novice know when a stock, in a com
mon hive is seriously infested with
these all-devouring worms? The dis
couraged aspect of the bees plainly
indicates that there is trouble of some
kind within, and the bottom board will
be covered with pieces . of bee-bread
mixed with the.ezcrmsnJof the worms,
which looks like grains of gunpowder.
Earlyjn the Spring, before the stock
becomej populouSj the bees should be
driven up among their combs by smoke,
and the bottom-board cleansed. It too
frequently happens that, in the com
mon hives, nothing; can be effectually
done; even when ; the bee-keeper is
aware of the plague, within. With the
moveable frames, however, ths combs,
and. all parts of the hives, . may be
carefully cleansed, and' if a stock is
weak or qaeenless, , the proper reme
dies may be easily applied. If a fee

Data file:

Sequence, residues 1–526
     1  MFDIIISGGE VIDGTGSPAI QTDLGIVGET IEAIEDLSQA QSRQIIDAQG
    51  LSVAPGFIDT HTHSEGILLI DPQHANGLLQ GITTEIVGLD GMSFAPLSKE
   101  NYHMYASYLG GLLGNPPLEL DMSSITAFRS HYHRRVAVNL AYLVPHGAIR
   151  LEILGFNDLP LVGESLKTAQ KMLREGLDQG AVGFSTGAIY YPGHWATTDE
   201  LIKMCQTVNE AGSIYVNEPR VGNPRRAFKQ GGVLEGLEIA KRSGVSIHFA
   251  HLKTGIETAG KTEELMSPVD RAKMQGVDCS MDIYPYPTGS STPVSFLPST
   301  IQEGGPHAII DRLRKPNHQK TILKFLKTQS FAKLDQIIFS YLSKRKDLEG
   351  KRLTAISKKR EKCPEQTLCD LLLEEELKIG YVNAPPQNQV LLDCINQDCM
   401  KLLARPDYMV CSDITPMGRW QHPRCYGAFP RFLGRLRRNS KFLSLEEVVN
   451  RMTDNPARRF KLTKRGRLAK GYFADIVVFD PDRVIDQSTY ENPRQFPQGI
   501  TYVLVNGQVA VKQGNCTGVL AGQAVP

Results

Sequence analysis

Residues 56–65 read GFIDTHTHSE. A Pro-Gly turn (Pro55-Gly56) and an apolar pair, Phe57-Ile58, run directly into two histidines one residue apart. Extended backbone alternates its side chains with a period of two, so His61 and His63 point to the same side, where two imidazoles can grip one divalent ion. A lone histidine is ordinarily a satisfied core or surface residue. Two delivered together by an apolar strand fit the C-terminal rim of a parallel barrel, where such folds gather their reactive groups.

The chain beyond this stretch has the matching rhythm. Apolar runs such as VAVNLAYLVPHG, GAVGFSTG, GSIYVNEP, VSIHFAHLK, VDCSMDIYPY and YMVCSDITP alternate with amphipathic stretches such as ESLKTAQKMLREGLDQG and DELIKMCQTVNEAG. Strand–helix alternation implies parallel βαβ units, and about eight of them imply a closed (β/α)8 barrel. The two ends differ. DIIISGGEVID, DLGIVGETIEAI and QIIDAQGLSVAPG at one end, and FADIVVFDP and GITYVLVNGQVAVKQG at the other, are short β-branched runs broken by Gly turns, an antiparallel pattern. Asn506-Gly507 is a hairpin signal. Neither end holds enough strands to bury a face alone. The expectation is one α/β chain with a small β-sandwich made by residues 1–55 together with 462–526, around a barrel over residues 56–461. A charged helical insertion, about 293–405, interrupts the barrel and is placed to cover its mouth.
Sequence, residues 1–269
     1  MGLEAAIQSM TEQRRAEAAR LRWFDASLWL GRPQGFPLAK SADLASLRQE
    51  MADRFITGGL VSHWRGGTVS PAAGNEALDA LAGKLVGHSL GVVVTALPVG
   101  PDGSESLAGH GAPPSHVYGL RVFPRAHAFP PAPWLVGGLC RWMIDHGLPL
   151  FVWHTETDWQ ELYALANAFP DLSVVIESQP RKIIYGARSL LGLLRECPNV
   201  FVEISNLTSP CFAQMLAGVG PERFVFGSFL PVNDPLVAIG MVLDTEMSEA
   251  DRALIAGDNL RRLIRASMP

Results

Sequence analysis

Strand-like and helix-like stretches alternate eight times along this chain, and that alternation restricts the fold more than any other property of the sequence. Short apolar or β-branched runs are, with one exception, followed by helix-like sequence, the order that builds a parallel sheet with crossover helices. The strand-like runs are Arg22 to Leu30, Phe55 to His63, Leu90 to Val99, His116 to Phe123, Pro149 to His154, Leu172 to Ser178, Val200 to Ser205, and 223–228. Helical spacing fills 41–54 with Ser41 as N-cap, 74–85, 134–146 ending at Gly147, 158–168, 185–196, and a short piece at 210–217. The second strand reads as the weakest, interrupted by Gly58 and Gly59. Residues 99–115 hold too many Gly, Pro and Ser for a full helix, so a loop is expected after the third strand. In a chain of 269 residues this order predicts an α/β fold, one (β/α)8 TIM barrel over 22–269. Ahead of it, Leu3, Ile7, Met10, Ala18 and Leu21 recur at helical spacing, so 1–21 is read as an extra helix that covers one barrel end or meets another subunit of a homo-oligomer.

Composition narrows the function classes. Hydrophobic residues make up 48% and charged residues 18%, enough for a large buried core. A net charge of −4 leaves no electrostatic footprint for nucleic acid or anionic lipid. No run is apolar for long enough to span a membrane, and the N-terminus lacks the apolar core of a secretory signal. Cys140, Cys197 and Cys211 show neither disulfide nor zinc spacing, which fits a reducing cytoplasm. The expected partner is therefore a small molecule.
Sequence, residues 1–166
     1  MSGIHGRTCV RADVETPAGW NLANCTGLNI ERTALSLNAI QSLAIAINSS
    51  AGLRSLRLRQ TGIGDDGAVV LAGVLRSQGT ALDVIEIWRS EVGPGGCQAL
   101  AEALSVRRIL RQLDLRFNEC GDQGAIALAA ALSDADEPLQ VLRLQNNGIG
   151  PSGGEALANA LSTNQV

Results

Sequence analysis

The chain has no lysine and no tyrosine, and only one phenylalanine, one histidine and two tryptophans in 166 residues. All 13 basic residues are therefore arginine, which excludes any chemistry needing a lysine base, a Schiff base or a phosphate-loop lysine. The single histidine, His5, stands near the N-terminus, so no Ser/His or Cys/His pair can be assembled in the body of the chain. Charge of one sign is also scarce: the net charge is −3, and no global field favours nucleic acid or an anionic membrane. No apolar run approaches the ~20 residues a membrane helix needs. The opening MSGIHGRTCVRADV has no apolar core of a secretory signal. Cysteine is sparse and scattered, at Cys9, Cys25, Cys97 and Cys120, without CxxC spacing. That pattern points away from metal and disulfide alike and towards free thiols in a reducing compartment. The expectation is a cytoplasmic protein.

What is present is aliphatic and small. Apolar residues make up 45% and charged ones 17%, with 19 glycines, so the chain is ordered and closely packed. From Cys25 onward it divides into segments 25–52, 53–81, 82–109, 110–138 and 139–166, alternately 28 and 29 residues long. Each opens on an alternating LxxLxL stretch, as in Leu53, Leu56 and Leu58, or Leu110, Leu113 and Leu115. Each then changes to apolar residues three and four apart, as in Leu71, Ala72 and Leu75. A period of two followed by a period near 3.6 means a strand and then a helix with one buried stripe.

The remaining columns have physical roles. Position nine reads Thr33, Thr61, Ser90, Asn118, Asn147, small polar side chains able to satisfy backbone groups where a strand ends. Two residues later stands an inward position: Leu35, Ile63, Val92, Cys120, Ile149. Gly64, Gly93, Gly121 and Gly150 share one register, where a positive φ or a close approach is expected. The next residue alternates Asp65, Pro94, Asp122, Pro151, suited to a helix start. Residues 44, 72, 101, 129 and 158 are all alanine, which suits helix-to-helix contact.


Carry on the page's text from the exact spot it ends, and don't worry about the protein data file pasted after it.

. InexperieneeS bee-keepers, 'who imagine that a
colony is nearly m ined when they find a few worms,
should remember that almost every old stock, how
ever strong or healthy, has some of these enemies
lurking about bis premise
I tWbenbcesia the spring prepare their eeUs for
brood, tbe bottcxa-board U often covered with small
piaces cf comb and boe-bread ; but if these are not
mixed with the Uck excrement, they are proofj of
industry, instead of aign of rata. -.
ble stock cannot be strengthened so as
to protect its empty combs, they may
be taken away until the, bees are nu
merous enough to need them.1 ; '
If the bee-moth were s6 constituted
as to require' but' a small amount of
heat fcr its fall cbvelcpmcnt, it would
beeoriie exceed:: ly.; numerous early
in the Spring; nr.d might easily enter.
the;Hv?3 , and deposit its eggs where
it ptisan : fcr at this season, notcnly
i3ttiero no guard maintained by, the
bees at night, but large portions "ci
their ! comb are quite unprotected.'
How doe3 every fact'in the history of
the bee, when properly investigated,
point with unerring certainty to the
wisdom of Him who made'itl'